The auction, which also featured a meteorite and other items, brought in a total of $1.55 million.
"This is the highest-grossing collection of natural history sold at auction since such sales figures began in 1995," said I.M. Chait Auctioneers' director of natural history, David Herskowitz.
The prepped and mounted 32-inch-long tyrannosaurus skull was sold to an anonymous California collector for $276,000, the third-highest amount paid for a prehistoric specimen at auction, said Darryl Pitt, the meteorite expert for Chait.
The highest ever paid was $8.36 million for the skeleton of a 65-million-year-old dinosaur named Sue in 1997, Pitt said.
The 10-foot tusk of a woolly mammoth found on the Siberian tundra was sold to an anonymous telephone bidder for $96,000, the most such an item has commanded at auction, Pitt said.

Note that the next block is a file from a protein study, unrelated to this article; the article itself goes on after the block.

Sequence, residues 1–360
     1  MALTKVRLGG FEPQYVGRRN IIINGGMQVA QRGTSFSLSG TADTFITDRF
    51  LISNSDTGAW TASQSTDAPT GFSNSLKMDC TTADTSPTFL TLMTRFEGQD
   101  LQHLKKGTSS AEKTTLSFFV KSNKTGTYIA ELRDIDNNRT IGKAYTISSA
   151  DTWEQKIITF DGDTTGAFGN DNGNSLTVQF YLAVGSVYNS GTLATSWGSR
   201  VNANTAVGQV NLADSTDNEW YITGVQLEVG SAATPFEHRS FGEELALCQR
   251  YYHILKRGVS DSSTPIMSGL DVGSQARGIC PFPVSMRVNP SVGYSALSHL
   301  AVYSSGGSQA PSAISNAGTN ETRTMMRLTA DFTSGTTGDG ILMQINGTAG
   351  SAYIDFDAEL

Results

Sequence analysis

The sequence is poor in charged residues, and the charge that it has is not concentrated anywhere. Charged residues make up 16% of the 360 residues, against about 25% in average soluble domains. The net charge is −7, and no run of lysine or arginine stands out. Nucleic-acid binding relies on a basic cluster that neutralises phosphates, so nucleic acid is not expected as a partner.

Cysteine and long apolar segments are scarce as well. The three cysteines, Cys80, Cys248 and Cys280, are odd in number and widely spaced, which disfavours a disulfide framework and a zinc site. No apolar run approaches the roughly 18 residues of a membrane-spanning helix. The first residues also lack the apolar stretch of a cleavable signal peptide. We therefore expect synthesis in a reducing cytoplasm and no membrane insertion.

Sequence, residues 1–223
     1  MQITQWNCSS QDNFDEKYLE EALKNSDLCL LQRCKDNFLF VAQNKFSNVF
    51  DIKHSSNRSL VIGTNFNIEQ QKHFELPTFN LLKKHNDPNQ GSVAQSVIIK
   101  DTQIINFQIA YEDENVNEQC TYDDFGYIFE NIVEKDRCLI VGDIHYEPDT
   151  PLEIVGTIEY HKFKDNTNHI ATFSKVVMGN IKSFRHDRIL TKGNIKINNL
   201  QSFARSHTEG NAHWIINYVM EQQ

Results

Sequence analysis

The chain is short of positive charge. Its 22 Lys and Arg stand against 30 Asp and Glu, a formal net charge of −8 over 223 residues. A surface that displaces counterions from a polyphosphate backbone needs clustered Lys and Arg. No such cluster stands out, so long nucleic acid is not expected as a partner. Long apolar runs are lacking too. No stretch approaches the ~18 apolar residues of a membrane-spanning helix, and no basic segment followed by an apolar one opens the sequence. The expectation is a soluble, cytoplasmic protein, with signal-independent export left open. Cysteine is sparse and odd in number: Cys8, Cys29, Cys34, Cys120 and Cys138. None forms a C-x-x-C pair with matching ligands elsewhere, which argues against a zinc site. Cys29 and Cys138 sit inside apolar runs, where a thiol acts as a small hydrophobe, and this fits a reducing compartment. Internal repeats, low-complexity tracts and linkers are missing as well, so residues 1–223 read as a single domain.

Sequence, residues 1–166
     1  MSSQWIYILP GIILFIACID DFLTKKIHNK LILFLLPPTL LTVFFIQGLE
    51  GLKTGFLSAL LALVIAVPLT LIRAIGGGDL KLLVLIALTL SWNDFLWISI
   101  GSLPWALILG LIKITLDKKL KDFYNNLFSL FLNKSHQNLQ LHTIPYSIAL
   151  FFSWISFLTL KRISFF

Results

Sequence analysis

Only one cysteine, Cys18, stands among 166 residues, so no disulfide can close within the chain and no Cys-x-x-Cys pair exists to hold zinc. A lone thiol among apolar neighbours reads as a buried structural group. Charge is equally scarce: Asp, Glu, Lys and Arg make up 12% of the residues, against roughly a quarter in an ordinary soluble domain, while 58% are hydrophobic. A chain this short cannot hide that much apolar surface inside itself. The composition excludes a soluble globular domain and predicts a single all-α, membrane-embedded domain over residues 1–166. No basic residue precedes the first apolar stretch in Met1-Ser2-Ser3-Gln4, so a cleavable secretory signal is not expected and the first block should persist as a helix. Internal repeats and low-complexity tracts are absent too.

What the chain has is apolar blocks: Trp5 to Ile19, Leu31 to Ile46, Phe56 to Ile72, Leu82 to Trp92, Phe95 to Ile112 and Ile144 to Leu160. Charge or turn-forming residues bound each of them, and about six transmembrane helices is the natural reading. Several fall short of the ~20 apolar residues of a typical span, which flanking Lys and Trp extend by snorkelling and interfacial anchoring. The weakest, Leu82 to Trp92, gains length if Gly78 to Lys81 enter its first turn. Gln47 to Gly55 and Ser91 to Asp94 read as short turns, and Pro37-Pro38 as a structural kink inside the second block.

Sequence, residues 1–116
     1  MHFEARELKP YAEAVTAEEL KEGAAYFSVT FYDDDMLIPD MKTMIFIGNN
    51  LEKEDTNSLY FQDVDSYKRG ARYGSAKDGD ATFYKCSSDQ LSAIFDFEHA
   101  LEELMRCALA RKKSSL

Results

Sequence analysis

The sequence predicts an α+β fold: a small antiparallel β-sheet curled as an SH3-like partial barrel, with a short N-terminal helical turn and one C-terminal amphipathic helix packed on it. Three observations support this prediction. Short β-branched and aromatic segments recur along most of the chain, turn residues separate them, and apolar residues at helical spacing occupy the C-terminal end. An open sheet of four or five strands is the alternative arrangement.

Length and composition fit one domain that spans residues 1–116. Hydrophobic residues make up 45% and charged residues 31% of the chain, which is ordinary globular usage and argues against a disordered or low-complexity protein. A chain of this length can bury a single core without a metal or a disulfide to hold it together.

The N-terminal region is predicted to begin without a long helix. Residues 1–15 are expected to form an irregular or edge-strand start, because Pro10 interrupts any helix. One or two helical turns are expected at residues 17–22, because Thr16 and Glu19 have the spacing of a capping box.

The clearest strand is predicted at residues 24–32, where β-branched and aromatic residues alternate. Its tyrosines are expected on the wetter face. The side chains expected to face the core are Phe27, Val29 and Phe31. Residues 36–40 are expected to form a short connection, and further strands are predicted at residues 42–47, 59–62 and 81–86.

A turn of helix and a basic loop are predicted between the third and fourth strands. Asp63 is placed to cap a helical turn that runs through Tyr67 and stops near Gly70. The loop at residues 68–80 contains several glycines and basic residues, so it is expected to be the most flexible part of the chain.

An 11-pound iron meteorite discovered in southwestern Africa fetched $32,000, Pitt said. And a gold nugget from western Australia weighing 62 troy ounces sold for $72,000.
"It was another banner day for extraterrestrial real estate, but also for the terrestrial real estate as well," he said.
Among the 345 lots sold during the auction were a 75,000-year-old dire wolf skull for $60,000, a 10 million-year-old fossil penguin found in the Atacama Desert in Chile for $9,600, a multihued crystal from Afghanistan for $32,000 and a fossil plate of a flying dinosaur skeleton from Germany for $48,000, the company said.
Chait, a Beverly Hills, Calif., auction house, oversaw the sale, its first in New York, at a Manhattan loft. The sale prices included a 20 percent buyer's premium, Pitt said.